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High Intensity Training to Treat Chronic Nonspecific Low Back Pain: Effectiveness of Various Exercise Modes
Journal Contribution - Journal Article
High-intensity training (HIT) improves rehabilitation outcomes such as functional disability and physical performance in several chronic disorders. Promising results were also found in chronic nonspecific low back pain (CNSLBP). However, the impact of different exercise modes on HIT effectiveness in CNSLBP remains unclear. Therefore, this study evaluated the effectiveness of various HIT exercise modes and compared differences between these modes, on pain intensity, disability, and physical performance, as a therapeutic intervention for persons with CNSLBP. In a randomized comparative trial, consisting of a 12-week program, persons with CNSLBP were divided into four HIT groups, i.e., cardiorespiratory interval training coupled with either general resistance training, core strength training, combined general resistance and core strength training, or mobility exercises. Before and after the program, the Numeric Pain Rating Scale (NPRS), Modified Oswestry Disability Index (MODI), and Patient Specific Functioning Scale (PSFS) were recorded, and a cardiopulmonary exercise test (VO 2 max, cycling time) and isometric trunk strength test (maximum muscle torque) were performed. Eighty participants (mean age: 44.0 y, 34 males) were included. Improvements were found within all groups after the HIT programs and ranged from −39 to −57% on the NPRS, +27 to +64% on the MODI, +38 to +89% on the PSFS, +7 to +14% on VO 2 max, and +11 to +18% on cycling time. No differences between groups were found. High-intensity cardiorespiratory interval training improves CNSLBP rehabilitation outcomes when performed with other HIT exercise modes or mobility exercises. Hence, when setting up an exercise therapy program in CNSLBP rehabilitation, various HIT modes can be considered as therapy modalities.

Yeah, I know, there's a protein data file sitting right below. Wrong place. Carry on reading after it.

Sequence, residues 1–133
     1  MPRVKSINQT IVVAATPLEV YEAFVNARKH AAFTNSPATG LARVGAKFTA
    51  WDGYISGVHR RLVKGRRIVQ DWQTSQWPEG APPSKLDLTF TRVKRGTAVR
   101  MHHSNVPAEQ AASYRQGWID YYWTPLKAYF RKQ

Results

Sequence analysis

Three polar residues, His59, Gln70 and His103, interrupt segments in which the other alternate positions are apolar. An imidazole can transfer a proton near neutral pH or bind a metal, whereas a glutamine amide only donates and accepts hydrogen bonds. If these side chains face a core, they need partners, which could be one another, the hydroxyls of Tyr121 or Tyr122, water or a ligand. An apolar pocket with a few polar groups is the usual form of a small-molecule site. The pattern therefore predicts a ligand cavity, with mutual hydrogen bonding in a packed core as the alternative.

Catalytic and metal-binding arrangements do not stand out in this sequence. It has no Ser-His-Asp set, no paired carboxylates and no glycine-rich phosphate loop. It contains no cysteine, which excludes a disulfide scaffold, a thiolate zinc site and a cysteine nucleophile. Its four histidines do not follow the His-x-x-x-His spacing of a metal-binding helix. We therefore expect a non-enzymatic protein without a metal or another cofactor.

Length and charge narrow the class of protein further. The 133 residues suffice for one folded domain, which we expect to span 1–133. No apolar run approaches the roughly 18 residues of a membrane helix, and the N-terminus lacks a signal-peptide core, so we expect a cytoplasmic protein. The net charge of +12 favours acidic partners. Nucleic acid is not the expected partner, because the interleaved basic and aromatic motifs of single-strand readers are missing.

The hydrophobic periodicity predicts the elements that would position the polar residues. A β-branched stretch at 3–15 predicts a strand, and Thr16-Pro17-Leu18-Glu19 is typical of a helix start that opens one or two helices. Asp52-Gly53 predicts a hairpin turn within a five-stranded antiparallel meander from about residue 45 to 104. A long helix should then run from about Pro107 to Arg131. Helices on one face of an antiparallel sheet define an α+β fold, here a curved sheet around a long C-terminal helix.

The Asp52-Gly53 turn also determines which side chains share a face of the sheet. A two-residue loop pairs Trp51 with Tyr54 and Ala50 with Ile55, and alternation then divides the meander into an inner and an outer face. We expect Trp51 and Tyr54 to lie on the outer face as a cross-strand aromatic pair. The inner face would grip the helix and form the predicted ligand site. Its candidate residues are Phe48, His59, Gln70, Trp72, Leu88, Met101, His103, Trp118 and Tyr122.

Journal: Journal of Clinical Medicine
Keywords:chronic low back pain